As published on the NYMuniBlog on May 31st, 2011, and can be seen here: down!)
Interesting things are happening in Suffolk County’s neighbor to the west. Nassau County, has made two critical decisions recently. First, the County has decided that the Belmont Racetrack is a suitable site to pursue building a casino with the Shinnecock Nation. The proposal makes sense- the land is state-owned, allows for betting, and most importantly, the community seems to want, and even embrace the proposal for a casino. This is a rare showing of consensus in an area that is known in development circles as a land of “NO”.
Then there is the other development decision the County has made: The County is asking tax payers to ultimately support a proposal that requires the County to borrow a $400 million bond to pay for a new Nassau Coliseum. Nassau County, the same County that had to cede control of its finances to New York State. As an issue of planning and development, the decision of the County makes absolutely no sense.
Nassau’s timing for a referendum is questionable at best. The County is asking taxpayers, who have among the highest property taxes in the nation, to help pay for a sports complex while they endure freezes in County salaries, cuts in State aid to teachers and education, and to top it all off, deep cuts to public transit systems. Nassau’s bus system is fiscally limping along, but a $1.3 million vote highlights a dangerous trend in government’s philosophy regarding sports teams: keep them in town at all costs.
The costs are high. Stadiums and arenas are seen in development circles as god-given economic drivers, but Nassau County has to realize the limitations imposed on Coliseum by physical, environmental and economic factors. Physically, the infrastructure surrounding the Hempstead Hub must be upgraded in concert with whatever proposal gets selected for the site. Hempstead Turnpike (NYS 24) is already over capacity, with a level of service at C or worse, and the Meadowbrook Parkway does not fare much better during weekends or peak times of travel during the weekdays. Nassau County, as well as New York State DOT, have their work cut out for them in ensuring that the 77-acre site has adequate access by transit and car.
In terms of the environmental limitations, the aquifer is already at carrying capacity in Nassau County, and intensifying the land use to levels necessary to make the site profitable would be severely detrimental to existing groundwater conditions. As it stands, groundwater quality on Long Island is decreasing at an accelerated rate, and government must be more mindful of the environmental ramifications of such large scale proposals.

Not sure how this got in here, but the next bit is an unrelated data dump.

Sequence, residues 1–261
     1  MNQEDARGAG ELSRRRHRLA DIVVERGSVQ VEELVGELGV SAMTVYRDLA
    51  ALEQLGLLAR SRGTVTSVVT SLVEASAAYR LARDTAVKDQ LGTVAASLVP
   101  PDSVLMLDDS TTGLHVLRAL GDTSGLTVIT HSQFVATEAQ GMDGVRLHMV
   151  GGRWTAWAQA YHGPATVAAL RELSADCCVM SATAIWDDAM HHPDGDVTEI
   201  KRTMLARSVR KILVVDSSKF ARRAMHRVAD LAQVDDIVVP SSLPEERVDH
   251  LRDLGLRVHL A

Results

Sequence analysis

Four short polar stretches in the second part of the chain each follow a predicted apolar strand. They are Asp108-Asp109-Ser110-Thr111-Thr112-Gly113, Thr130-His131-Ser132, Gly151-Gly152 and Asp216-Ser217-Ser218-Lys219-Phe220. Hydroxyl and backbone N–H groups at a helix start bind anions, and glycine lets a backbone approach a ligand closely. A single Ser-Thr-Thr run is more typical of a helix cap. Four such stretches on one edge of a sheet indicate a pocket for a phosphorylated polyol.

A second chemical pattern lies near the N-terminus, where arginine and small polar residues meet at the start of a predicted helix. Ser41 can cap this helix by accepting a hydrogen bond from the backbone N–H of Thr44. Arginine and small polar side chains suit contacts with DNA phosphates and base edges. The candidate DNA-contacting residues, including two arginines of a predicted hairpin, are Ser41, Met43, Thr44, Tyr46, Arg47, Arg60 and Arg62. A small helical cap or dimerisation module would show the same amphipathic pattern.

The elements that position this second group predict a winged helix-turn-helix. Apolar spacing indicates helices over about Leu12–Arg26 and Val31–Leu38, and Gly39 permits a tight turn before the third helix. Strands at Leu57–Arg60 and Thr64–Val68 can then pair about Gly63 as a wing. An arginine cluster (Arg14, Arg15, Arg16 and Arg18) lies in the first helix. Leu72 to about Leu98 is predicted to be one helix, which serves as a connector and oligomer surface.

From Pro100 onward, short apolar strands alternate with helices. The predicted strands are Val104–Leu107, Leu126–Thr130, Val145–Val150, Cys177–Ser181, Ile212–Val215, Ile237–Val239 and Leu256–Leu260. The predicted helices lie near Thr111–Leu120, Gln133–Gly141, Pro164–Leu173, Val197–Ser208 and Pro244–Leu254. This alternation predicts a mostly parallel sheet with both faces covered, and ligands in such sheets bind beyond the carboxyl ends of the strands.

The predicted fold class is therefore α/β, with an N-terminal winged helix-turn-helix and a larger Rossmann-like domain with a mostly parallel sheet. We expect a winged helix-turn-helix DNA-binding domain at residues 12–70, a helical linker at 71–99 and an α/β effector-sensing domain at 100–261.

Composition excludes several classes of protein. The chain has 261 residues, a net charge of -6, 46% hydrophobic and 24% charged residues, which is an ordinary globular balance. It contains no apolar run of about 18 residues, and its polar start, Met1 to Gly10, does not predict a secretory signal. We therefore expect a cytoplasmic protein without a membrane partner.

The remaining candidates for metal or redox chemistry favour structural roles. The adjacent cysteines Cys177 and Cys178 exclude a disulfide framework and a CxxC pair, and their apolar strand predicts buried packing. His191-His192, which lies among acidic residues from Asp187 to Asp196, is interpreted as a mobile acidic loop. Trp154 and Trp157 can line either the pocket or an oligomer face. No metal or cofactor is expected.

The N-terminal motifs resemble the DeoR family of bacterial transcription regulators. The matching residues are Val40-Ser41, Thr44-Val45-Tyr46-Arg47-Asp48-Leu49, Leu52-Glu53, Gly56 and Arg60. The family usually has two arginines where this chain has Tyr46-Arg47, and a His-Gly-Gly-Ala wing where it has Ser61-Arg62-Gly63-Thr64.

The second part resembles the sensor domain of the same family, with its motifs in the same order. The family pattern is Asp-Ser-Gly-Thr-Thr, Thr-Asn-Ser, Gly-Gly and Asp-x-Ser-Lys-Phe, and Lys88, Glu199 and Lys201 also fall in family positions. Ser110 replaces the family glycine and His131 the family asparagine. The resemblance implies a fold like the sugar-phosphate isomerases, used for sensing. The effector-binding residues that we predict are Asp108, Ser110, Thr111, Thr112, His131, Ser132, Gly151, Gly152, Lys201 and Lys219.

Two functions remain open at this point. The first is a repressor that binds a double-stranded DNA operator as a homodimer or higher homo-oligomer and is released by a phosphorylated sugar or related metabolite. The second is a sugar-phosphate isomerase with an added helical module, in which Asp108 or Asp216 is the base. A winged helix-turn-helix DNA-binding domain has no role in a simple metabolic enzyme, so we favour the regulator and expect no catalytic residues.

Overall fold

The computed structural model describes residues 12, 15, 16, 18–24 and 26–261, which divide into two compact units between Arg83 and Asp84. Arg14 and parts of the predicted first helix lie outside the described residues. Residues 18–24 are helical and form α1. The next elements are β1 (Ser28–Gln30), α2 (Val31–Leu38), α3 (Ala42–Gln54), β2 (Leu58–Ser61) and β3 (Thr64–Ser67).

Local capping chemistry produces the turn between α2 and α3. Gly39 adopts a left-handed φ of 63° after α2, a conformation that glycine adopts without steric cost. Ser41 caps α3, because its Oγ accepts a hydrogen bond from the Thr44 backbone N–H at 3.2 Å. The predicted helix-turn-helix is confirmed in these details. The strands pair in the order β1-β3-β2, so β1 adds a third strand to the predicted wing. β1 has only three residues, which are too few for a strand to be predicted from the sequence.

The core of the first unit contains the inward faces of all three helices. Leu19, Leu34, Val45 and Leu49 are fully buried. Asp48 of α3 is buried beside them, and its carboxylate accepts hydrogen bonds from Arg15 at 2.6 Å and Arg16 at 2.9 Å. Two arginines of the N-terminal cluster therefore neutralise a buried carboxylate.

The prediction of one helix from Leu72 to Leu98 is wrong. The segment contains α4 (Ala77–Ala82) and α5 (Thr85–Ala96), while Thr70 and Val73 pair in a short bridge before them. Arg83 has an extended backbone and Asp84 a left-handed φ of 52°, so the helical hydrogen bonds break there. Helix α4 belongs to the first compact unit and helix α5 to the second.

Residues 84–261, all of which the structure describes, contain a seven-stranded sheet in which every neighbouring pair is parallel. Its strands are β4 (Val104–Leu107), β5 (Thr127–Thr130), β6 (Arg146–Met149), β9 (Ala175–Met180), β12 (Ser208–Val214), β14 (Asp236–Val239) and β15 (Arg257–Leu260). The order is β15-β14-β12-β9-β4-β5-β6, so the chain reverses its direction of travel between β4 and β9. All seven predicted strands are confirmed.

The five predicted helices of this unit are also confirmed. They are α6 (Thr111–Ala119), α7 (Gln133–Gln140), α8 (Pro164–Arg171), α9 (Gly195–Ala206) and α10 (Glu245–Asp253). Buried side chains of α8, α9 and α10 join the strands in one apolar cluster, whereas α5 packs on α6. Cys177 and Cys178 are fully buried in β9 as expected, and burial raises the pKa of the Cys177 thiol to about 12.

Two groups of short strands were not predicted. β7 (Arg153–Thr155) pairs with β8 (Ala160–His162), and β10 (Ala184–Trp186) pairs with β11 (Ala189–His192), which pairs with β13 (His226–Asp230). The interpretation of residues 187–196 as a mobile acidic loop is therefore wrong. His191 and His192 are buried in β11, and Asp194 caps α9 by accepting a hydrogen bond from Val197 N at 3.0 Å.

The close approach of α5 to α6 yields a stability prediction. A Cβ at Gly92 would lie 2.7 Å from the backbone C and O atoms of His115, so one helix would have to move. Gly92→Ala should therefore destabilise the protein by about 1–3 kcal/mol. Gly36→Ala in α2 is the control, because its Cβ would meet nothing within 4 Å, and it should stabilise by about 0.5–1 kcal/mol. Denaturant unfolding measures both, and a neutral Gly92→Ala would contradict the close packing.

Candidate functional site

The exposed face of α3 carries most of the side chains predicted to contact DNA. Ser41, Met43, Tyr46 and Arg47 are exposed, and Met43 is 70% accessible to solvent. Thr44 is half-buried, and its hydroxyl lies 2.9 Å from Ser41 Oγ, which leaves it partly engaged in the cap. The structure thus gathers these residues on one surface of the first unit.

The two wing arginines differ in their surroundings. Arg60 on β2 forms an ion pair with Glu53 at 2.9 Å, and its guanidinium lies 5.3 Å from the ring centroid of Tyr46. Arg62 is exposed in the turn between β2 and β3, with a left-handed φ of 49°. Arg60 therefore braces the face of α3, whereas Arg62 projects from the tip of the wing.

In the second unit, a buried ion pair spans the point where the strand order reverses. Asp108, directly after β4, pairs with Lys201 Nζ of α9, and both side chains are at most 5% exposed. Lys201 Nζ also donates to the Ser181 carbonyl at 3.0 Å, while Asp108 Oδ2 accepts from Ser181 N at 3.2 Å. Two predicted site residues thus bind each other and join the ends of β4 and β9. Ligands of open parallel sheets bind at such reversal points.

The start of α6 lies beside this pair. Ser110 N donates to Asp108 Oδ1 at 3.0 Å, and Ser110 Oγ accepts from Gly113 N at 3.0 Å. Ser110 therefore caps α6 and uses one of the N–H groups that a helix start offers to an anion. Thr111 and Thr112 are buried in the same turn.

Economically, the County is being shortsighted in thinking that borrowing is the answer. It is an eventuality that the Great Recession will end, and that revenues will pick up. Nassau is a County that can’t control its own spending, and is attempting to stop the bleeding by cutting essential municipal services. With the County cutting services with one hand,  the other is looking to borrow to bolster a large-scale capital improvement that will benefit private entities. Is any development at the Hempstead Hub a bad idea? Of course not, but if the developer who builds on the site must also renovate the Nassau Coliseum, than it complicates matters exponentially, and necessitates the kind of scale that Wang was proposing, and ultimately denied. This is limiting for private developers, because the renovation of the Coliseum creates the need for high density residential and commercial development. This density serves to generate enough profit to cover the costs of the renovation. Now that the public option is on the table, the cost will ultimately wind up on the shoulder of the taxpayer. Before any borrowing takes place, Nassau has get its fiscal house in order, and truly engage in the planning process.
Sound policy and planning decisions do not mix well with sports teams. Policymakers seem to think that any sports team is the key to economic success for an area, and they are willing to sell out the taxpayer in the process of keeping teams that threaten to move away if their demands are not met. These demands can be costly too: Property tax incentives that cost a municipality millions over the course of years, and if the project doesn’t work out too well, debt that outlives a sports franchise by decades. The pressure that the Islanders is exerting on the County is almost unfair. Should the team expect Nassau to borrow money for a Coliseum when NIFA controls their finances?
When it comes to sports teams, passion takes precedence over data-driven plans. Advocates for a new Nassau Coliseum will demand that expedited action be taken, but decisions of this magnitude must not be rushed. Similar to hockey, if strategy and planning are ignored, the wrong decision is made in the heat of the moment. When this type of decision-making happens, the team, and in this case, the taxpayer, will be playing catch up for the duration of the game.